Tag Archive | Twitter

#BringBackOurGirls

More than 200 girls were abducted from their school on 14 April by the Islamist group Boko Haram. Even though the abduction occurred almost a month ago, the media coverage has been limited. However, the social media campaign, #BringBackOurGirls, has brought global attention to the abduction in Nigeria’s north.

Gathering at Union Square in New York City to rally for the release of the kidnapped girls. Photo by Michael Fleshman

Gathering at Union Square in New York City to rally for the release of the kidnapped girls. Photo by Michael Fleshman

The motive of the abduction is clear as the groups name, Boko Haram, loosely translates to “Western education is forbidden”. The group initially wanted to make sure the girls were not going to school and would instead marry them off.

However, Boko Haram’s demands have now changed, as they today released a video where the leader Abubakar Shekau demanded that all militants must be freed from prison before he would let the girls go. Many commentators have seen this as a good sign, that the group is changing its demands and is more willing to negotiate could work in favor of the girls’ release.

Several politicians and celebrities have voiced their opinion and demanded the release of the 276 girls captured. Among them, the United States’ first lady, Michelle Obama.

 

Nigeria’s former vice-president (1999-2007), Atiku Abubakar

 

 *UPDATES WILL FOLLOW*

Advertisements

BBC’s Africa debate

BBC opens for debate about their Africa coverage with audience/readers on Twitter, writes Susanne Østhus.

In the upcoming Africa debate programme hosted by BBC, you get the chance to get your questions answered by Peter Horrocks, director of the BBC World Service. The topic for discussion this time will be revolving around the news coverage of countries in Africa and whether media is getting it right. Everyone can ask questions and almost through every social media platform. The programme is aired 30 August and 1 September and the questions asked today will be the basis for the debate. Get on it and ask questions, ends at 1 am Australian time.

I have sent in a couple of questions myself: Does censorship in countries in Africa, such as Liberia, affect your news coverage? Which conflicts in Africa does mainstream media seem to “forget”?

newspaper image for blog

Stock.XCHNG: vlambi

To ask a question on Twitter, you use the hashtag #mybbcafrica at the end of your tweet. They also have a Facebook group, BBC Africa Page. Or you could do it by filling out this form on BBC’s site. Let the questions begin!

UPDATE

I sent in questions through every social media platform available, but was not lucky enough to get a reply. But I did get a retweet from BBC though.

I am a big advocate of using Twitter as a news source, because you are able to digest a lot of information in a short amount of time. Although, when using Twitter as a news medium it is important to be able to distinct verified information from rumors and hoaxes. Open debates such as this one by the BBC are great for a two way communication between media and the audience/readers. You can also be certain that the information tweeted by news organisations is in most cases verified.

All the questions answered by Peter Horrocks can be seen here. I have picked out three questions that I thought were particularly good.

Do you think Twitter is an improvement of media and audience/reader relationship or not? Please share your opinion in the comment section or tweet me at @SusanneTunge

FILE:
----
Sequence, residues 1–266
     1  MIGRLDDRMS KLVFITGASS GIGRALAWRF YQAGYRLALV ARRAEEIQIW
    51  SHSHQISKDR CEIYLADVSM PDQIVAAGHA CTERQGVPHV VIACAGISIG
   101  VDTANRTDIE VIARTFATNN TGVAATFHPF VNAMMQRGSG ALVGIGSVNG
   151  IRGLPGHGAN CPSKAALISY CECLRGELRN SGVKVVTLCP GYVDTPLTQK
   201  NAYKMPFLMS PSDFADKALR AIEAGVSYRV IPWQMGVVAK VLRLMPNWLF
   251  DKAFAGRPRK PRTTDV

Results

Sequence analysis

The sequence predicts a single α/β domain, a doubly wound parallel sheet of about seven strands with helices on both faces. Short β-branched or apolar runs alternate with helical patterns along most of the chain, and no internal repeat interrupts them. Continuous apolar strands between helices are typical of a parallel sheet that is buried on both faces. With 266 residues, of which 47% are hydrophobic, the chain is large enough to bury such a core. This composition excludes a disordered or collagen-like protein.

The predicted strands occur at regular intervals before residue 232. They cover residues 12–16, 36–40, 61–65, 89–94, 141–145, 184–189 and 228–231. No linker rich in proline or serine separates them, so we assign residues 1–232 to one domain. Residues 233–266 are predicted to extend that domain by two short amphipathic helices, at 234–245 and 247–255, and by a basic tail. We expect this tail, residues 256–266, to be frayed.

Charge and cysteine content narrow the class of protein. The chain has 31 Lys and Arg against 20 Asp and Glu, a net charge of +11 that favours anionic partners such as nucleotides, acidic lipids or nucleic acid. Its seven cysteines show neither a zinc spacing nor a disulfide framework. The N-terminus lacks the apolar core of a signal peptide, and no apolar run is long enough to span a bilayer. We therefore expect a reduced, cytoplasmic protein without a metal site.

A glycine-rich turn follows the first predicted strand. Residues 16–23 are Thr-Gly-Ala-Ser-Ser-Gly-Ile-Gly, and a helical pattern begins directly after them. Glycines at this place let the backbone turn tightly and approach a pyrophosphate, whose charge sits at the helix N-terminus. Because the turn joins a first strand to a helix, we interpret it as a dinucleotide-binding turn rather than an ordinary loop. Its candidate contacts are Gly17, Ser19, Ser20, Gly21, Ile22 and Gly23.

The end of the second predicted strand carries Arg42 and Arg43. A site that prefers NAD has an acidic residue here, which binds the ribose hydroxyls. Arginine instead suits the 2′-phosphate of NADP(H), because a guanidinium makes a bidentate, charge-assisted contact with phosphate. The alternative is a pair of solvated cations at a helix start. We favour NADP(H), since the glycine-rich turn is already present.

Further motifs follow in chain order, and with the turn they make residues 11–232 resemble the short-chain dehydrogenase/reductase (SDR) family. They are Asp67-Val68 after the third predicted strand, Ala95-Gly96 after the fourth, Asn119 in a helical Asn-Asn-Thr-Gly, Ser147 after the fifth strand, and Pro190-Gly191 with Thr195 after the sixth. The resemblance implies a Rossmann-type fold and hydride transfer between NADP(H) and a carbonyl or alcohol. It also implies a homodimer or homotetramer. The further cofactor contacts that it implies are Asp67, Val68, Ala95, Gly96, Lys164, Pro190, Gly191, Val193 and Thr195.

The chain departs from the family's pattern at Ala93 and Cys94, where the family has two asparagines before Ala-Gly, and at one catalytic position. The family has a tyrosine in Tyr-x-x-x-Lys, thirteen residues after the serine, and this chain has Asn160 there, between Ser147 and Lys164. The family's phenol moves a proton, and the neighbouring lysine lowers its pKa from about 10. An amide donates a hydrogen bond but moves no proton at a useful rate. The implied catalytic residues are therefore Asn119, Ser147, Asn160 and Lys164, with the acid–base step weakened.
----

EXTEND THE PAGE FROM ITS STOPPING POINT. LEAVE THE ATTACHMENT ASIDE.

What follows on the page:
Twitter as a news medium?

A couple of weeks ago I curated a Twitter list with the intent to see if Twitter could be an alternative news channel. So far there has been both pro’s and con’s of using Twitter as a news source.

The Twitter list has been a good source of information about current news, political matters and social aspects of conflicts in Africa. This is mainly because of the variety on the list, with major news agencies, independent news agencies, politicians, foreign correspondents and humanitarian organisations. It has given me a deeper understanding of the conflicts in Africa and also how under-reported many of these conflicts are.

Although the list has given me many different viewpoints, it has also been hard to follow certain accounts. Africa Review, Invisible Children and Think Africa Press are the accounts that most frequently update their Twitter. Since the other accounts do not update as frequently, they do not often appear in the Twitter list’s news-feed.

Since the last post there has been some additions to the list. Accounts that resemble the ones I had already added came up as suggestions. There has been some great suggestions here, for instance Oliver Nduhungirehe. He works as Minister Counsellor and permanent Representative to the United Nations for Rwanda. In April it was Rwanda’s turn to resume presidency of UNSC and their topic for discussion last month was conflict prevention in Africa. By following Nduhungirehe I got a good overview almost day for day what issues were discussed.

updated twitter list 2

Most of the additions to the Twitter list are related to Rwanda’s presidency in UNSC. “The Ministry of Foreign Affairs and Cooperation of the Republic of Rwanda” (MINAFFET Rwanda) and “Mission of Rwanda UN” were tweeting updates on the debate in UNSC during the whole of April. The last addition to the Twitter list is news organisation “Daily Nation” from Kenya. 

There are currently no followers of the Twitter list, I believe that it is because I have not promoted it enough. I wanted to see for myself first whether it could work as good source of information. I must say it has proven to be a very effective way to consume a lot of information in a short amount of time, but I would love to get your take on Twitter as a news medium on the poll I set up.

If you wish to follow my list on conflicts in Africa, click here